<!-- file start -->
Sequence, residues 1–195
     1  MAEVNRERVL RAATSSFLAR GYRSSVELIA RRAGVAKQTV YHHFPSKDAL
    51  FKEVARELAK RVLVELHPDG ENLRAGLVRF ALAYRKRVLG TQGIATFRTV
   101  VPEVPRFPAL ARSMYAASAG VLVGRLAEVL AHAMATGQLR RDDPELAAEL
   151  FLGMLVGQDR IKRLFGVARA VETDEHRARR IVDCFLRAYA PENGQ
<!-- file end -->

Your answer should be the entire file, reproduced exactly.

Sequence, residues 1–195
     1  MAEVNRERVL RAATSSFLAR GYRSSVELIA RRAGVAKQTV YHHFPSKDAL
    51  FKEVARELAK RVLVELHPDG ENLRAGLVRF ALAYRKRVLG TQGIATFRTV
   101  VPEVPRFPAL ARSMYAASAG VLVGRLAEVL AHAMATGQLR RDDPELAAEL
   151  FLGMLVGQDR IKRLFGVARA VETDEHRARR IVDCFLRAYA PENGQ